The research, carried out at the Foundation for Nutrition Research in Helsinki, quizzed 827 volunteers aged 16 to 21 for symptoms of gastrointestinal disorders.
Further examination by duodenal biopsy was done for 49 people who reported problems and 29 who did not.
At the start, a quarter of all study participants claimed that cow's milk caused them problems, and a 13 per cent said they did not drink milk at all.
The results of the biopsies showed that those with gastrointestinal problems did have higher intraepithelial cell counts and other markers for food-related allergy than the control group. However, these markers were not those associated with cow's milk.
Dr. Laura Paajanen, lead researcher on the study, said, "the finding of immunological activity implied the existence of a food-related gastrointestinal syndrome but not one induced by cow's milk."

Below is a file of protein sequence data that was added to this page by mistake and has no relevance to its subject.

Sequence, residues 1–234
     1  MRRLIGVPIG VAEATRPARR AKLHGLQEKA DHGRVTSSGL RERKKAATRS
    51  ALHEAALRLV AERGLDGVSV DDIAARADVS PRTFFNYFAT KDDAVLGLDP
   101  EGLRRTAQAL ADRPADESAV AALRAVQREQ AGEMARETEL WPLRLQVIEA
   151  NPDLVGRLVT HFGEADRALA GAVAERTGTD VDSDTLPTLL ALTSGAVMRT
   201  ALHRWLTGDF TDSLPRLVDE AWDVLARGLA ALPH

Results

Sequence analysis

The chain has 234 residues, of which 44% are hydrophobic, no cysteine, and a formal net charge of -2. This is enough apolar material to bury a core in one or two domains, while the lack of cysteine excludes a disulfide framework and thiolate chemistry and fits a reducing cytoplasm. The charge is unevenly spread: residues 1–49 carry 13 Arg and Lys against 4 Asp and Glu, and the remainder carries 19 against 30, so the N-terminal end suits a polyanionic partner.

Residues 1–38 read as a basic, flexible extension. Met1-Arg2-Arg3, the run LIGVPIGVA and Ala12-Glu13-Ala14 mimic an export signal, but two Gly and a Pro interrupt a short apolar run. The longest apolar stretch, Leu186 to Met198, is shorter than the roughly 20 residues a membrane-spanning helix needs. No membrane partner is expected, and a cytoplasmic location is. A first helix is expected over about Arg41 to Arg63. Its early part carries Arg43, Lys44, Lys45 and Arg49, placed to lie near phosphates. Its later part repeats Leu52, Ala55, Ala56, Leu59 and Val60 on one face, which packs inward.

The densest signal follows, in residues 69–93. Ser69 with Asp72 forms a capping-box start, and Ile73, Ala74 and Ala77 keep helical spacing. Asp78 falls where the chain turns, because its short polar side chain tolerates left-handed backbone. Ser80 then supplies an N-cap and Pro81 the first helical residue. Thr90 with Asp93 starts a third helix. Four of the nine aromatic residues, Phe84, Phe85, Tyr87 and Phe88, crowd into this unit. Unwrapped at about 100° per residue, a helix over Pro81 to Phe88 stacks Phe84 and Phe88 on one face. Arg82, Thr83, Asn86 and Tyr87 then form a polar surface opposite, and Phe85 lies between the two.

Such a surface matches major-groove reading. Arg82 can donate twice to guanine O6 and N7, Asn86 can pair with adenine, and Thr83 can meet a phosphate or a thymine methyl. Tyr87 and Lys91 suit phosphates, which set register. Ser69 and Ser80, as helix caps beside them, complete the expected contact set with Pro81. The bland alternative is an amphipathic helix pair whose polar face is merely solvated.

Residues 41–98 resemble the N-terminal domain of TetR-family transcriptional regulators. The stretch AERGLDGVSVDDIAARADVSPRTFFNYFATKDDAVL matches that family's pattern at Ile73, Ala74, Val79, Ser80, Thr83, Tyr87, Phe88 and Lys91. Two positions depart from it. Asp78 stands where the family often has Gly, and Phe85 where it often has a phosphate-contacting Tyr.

While allergic reactions to cow's milk are known to occur in school-age children, the problem has not previously been studied for young adults.
In an additional blind experiment people with gastrointestinal problems were divided into two groups. One group was given cow's milk, while the other was given a placebo drink containing soy.
Only 2 of 23 participants in the first group showed symptoms associated with a milk allergy.
Allergy to cow's milk is estimated to affect between 0.5 and 4 per cent of all infants, but 90 per cent of those have usually grown out of the allergy by the age of three.
The results are published in the American Journal of Clinical Nutrition (Vol. 82, No. 6, pp. 1327-1335).
A 250 ml serving of semi-skimmed milk contains 40 per cent of the RDA for calcium and 50 per cent of the RDA for vitamin D.
People who avoid milk because they wrongly believe they are lactose intolerant are in danger of missing out on important nutrients.
Milk contains 15 vitamins and minerals, including significant amounts of calcium, vitamin D, riboflavin and vitamin B12.